“All we have to decide is what to do with the time that is given us.” –Gandalf, The Fellowship of the Ring
There are a few things my two kids absolutely love. Food, books, silly noises, and bath time all rank highly. However, there is one thing they value most of all, and that is time with their mom and dad. Our 3-year-old son constantly invites us to join him in whatever he’s doing: “Daddy, can you read with me?” and “Mommy, let’s do a puzzle!” Similarly, though our 10-month-old daughter is still too young to talk, she craves our attention and is not afraid to voice her displeasure when left alone too long. They simply love to be with us.
Even if you’re not a parent, or your kids are way past the point of mom-and-dad worship, you know what I’m talking about. There are few things on earth more precious than spending time with someone you love and/or admire.
My job involves helping people invest in assets that appreciate in value over time, but I’m here to tell you that there is no asset or investment more valuable or appreciated than time itself. Some of us have more material wealth than others, but we are all equally rich in time. True, longevity is uncertain and some people have more control over their daily schedule than others, but as long as we’re alive we all have 1,440 minutes a day to work with, and the fact that you’re reading this article tells me you have some degree of freedom in choosing how to spend them (while I’m on the subject, thank you for spending a few minutes of your valuable time reading this post). Challenge yourself, then, to examine how you’re allocating your time, and in whom and what you’re investing it. Diversify your endeavors, but concentrate in activities where your efforts will yield the most fruit.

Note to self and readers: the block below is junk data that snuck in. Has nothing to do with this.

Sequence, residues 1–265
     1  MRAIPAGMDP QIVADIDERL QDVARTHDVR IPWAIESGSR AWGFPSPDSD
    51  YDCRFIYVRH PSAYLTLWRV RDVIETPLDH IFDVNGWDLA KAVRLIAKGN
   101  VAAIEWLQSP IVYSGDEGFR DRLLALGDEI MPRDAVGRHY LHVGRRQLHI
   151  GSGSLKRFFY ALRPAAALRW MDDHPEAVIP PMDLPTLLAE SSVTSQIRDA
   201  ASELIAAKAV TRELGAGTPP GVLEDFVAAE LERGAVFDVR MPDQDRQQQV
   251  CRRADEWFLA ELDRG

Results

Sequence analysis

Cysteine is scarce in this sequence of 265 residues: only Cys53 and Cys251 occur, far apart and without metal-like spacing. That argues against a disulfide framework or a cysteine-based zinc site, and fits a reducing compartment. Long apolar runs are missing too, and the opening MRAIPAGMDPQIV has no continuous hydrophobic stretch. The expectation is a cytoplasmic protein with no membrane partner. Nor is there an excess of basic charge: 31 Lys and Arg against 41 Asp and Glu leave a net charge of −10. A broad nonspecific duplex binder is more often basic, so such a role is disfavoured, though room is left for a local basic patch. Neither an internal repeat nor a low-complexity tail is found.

Specifically, I would encourage you to invest more of your “temporal capital” in the people you hold dear. When I reflect on the relationships that matter most to me, there are obviously characteristics of each person that I appreciate and memories that I cherish, but equally significant is the cumulative time that I’ve spent with them. For example, the love and fondness I feel toward my wife is as rooted in the sheer number of hours that we’ve spent together – some exciting, some trivial, some happy, some sad – as it is in any of her special attributes or the specific experiences we’ve shared. There tends to be a positive correlation between the time we spend with others and the love we feel for them, though the content of the hours may vary.
My personal view is that wealth is significant inasmuch as it allows us to devote our time to the people and pursuits that matter most to us. I love this time of year because it reorients our hearts and minds and reminds us of what’s most important in life, what makes us truly wealthy. This holiday season, treasure your time with family and friends, and remember that the greatest present you can give is simply your presence.
Thank you all, again, for reading. Merry Christmas, and best wishes for the year ahead!
And Now For Something Completely Different…